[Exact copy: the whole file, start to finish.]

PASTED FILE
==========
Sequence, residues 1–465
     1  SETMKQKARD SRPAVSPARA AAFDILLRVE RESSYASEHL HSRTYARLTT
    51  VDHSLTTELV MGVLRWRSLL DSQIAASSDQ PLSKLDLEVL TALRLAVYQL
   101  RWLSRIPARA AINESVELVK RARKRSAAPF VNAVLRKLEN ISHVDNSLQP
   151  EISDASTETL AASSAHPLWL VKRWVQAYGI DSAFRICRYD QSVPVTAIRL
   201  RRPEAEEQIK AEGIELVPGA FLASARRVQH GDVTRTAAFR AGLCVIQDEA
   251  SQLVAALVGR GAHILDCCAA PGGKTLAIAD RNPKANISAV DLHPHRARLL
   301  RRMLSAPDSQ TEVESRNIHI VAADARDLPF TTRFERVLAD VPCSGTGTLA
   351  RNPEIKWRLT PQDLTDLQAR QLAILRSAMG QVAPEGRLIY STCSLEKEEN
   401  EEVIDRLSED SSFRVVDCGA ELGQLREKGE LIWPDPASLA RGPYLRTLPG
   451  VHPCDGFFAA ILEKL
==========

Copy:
Sequence, residues 1–465
     1  SETMKQKARD SRPAVSPARA AAFDILLRVE RESSYASEHL HSRTYARLTT
    51  VDHSLTTELV MGVLRWRSLL DSQIAASSDQ PLSKLDLEVL TALRLAVYQL
   101  RWLSRIPARA AINESVELVK RARKRSAAPF VNAVLRKLEN ISHVDNSLQP
   151  EISDASTETL AASSAHPLWL VKRWVQAYGI DSAFRICRYD QSVPVTAIRL
   201  RRPEAEEQIK AEGIELVPGA FLASARRVQH GDVTRTAAFR AGLCVIQDEA
   251  SQLVAALVGR GAHILDCCAA PGGKTLAIAD RNPKANISAV DLHPHRARLL
   301  RRMLSAPDSQ TEVESRNIHI VAADARDLPF TTRFERVLAD VPCSGTGTLA
   351  RNPEIKWRLT PQDLTDLQAR QLAILRSAMG QVAPEGRLIY STCSLEKEEN
   401  EEVIDRLSED SSFRVVDCGA ELGQLREKGE LIWPDPASLA RGPYLRTLPG
   451  VHPCDGFFAA ILEKL